Weaving. Weaving is yet another important household industry in Arunachal Pradesh – the exclusive premise of the tribal women of this State. The equipment used is a simple reedless loom where the actual weaving is done with a bamboo tube throw-shuffle. Besides cotton and wool, some of the Arunachal tribes use bark-fibres extracted from trees like udal, pudu and rhea-nivea. Similarly, in the sphere of dyes, one finds an abundant use of natural dyes.

The influence of Tibetan, Burmese, Bhutanese and Assamese processes is easily apparent here. The Tibetan and Bhutanese influence is most pronounced in the Monpa loom on which the Monpa women weave with cotton, wool and bark fibre. They are well known for their fine and colourful coats, shawls, sashes, carpets, bags and tapes (for tying around hats). Unlike the Monpa women, the Sherdukpen womenfolk use only cotton and plant fibre but no wool. Nevertheless, Monpa weaving is considered to be the best example of the specimens from Arunachal.

The Nishis grow a large amount of cotton in the valley of Palin and Panior. Though the Nishi women are not as god at weaving when compared to their counterparts – the Apatanis – they do produce woven cotton and pudu fibre skirts, blankets and cloth.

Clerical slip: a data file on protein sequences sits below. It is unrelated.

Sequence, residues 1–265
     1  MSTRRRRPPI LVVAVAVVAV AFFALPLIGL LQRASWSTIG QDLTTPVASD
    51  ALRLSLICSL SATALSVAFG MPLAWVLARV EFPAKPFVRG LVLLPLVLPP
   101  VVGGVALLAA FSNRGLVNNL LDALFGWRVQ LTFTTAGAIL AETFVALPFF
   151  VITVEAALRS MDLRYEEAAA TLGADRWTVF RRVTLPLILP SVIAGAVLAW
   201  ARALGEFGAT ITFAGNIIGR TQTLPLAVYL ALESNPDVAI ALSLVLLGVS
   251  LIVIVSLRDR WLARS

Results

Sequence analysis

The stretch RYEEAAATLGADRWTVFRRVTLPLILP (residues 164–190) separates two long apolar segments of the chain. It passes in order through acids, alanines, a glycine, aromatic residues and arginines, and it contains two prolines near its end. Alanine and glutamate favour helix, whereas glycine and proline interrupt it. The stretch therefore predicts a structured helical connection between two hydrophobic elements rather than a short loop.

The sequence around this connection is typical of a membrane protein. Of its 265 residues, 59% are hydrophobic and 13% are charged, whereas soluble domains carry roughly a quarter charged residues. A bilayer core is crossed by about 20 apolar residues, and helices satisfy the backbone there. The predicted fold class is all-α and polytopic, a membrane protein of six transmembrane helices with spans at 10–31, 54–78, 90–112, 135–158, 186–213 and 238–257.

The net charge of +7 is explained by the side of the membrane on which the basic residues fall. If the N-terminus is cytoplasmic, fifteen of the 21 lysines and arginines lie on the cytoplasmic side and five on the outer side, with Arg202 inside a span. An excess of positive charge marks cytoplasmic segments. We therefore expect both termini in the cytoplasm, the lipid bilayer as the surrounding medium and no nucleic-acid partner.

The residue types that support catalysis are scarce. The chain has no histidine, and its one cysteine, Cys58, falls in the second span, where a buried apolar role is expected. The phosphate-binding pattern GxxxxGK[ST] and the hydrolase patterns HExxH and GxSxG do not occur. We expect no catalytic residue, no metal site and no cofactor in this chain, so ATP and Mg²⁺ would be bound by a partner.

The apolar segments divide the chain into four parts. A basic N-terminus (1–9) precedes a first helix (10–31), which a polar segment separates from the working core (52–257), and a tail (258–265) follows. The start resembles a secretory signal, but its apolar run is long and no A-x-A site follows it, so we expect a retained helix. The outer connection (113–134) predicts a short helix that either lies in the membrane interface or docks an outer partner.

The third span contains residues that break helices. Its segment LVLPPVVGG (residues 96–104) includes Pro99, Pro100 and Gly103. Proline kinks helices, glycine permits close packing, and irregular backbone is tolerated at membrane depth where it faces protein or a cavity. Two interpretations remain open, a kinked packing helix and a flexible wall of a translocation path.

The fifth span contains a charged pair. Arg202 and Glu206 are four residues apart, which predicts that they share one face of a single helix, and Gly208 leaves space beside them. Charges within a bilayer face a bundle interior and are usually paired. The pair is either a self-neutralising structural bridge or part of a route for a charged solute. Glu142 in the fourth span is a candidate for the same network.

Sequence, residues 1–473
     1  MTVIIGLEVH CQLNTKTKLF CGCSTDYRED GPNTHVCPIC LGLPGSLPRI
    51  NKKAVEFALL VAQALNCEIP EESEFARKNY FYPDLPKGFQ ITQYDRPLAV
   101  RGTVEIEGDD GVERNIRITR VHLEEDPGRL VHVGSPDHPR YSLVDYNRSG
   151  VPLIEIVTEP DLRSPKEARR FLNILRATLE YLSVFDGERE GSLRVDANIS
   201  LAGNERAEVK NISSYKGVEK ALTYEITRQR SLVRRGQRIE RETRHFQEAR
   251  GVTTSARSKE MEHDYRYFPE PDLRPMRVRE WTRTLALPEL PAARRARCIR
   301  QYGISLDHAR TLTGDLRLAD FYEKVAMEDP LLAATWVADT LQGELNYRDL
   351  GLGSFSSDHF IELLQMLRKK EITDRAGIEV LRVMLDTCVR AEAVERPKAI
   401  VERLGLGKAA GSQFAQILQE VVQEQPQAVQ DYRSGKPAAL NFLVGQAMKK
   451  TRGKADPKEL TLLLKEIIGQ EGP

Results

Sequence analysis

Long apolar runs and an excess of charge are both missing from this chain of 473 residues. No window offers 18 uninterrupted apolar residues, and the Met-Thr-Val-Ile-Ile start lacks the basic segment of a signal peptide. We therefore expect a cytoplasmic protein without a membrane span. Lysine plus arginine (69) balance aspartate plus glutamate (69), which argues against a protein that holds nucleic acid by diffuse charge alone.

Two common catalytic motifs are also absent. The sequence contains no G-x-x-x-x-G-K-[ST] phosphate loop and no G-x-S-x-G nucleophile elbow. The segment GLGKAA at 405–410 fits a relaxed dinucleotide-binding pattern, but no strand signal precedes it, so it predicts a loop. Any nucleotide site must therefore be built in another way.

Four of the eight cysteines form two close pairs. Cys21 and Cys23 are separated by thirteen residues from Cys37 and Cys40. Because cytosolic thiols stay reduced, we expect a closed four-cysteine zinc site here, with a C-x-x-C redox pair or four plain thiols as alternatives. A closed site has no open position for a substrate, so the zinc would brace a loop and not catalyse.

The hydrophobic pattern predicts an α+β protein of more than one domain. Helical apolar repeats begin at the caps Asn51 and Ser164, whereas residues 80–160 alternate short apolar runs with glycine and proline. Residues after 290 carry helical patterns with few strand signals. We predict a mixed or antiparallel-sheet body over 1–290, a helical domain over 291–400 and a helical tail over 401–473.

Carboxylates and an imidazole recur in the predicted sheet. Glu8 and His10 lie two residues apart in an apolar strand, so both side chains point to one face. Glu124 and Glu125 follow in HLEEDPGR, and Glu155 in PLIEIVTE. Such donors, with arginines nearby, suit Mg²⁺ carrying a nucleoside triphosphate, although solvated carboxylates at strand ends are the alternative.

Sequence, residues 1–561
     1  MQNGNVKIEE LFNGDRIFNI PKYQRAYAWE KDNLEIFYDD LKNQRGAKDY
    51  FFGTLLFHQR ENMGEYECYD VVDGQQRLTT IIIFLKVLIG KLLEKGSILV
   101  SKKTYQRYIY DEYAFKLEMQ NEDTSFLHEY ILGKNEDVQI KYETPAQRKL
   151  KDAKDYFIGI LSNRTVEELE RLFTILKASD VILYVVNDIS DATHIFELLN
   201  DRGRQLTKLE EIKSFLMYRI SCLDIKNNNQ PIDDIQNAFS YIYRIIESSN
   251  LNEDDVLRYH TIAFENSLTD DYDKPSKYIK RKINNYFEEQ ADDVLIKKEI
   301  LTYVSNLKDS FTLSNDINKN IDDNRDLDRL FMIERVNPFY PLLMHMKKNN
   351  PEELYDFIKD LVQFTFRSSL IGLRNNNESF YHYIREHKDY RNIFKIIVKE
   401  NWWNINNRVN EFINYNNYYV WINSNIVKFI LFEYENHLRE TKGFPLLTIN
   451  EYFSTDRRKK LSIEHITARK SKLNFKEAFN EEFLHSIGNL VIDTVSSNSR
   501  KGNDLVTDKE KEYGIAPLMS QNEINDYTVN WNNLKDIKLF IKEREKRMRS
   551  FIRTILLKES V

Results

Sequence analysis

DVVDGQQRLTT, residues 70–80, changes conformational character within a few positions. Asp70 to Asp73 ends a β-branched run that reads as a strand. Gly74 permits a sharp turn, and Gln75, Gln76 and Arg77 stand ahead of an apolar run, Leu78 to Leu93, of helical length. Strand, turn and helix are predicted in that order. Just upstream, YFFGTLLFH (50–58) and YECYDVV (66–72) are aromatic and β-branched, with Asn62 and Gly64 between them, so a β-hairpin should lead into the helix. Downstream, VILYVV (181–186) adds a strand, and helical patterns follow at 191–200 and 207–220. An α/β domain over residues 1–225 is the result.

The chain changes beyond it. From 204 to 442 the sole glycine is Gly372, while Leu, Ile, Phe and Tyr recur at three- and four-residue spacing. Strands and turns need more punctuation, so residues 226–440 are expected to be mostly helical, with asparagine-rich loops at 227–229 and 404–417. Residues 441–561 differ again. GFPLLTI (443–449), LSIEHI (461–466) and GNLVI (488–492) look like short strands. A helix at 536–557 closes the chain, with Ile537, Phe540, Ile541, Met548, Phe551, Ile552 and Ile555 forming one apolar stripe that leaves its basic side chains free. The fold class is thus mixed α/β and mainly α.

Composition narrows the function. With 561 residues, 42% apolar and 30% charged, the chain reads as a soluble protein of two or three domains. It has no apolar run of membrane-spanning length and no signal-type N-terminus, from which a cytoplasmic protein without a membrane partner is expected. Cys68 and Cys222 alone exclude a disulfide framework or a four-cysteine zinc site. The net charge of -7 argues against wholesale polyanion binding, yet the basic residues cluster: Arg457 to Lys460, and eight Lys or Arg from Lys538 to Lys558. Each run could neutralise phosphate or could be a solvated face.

In contrasts, the Apatanis are considered the most advanced weavers from this State. The Apatani women are perfect in the art of weaving and produce excellent ceremonial coats and shawls, and embroidered cotton cloth. Many tribes such as the Nishis, Hill Miris, Akas, Buguns and Mijis also depend on the Apatanis for their supply of cloth. As Dr. Elwin observed, “It was a common practise for Apatani girls to stay in daflas houses for a time to do their weaving for them”.

The Adi women weave wool, cotton and goats hair to produce attractive things form them. The Mishmis too have acquired a good reputation in the art of weaving, indicated by the good commercial demand for their items. The Mishmi women weave cotton, wool, plant fibre and human hair into a variety of clothes. In fact the Mishmi coat has found a wide market within and outside the State of Arunachal Pradesh.

Singpho weaving is basically famous for its artistic patterns. And similar to them are the Tangas – reputed for their spun-dyed clothes out of which they make hand bags, skirts and lungis (loin cloths). Both the Tangas and Singpho women are also known for their expertise in making artistic ceremonial costumes.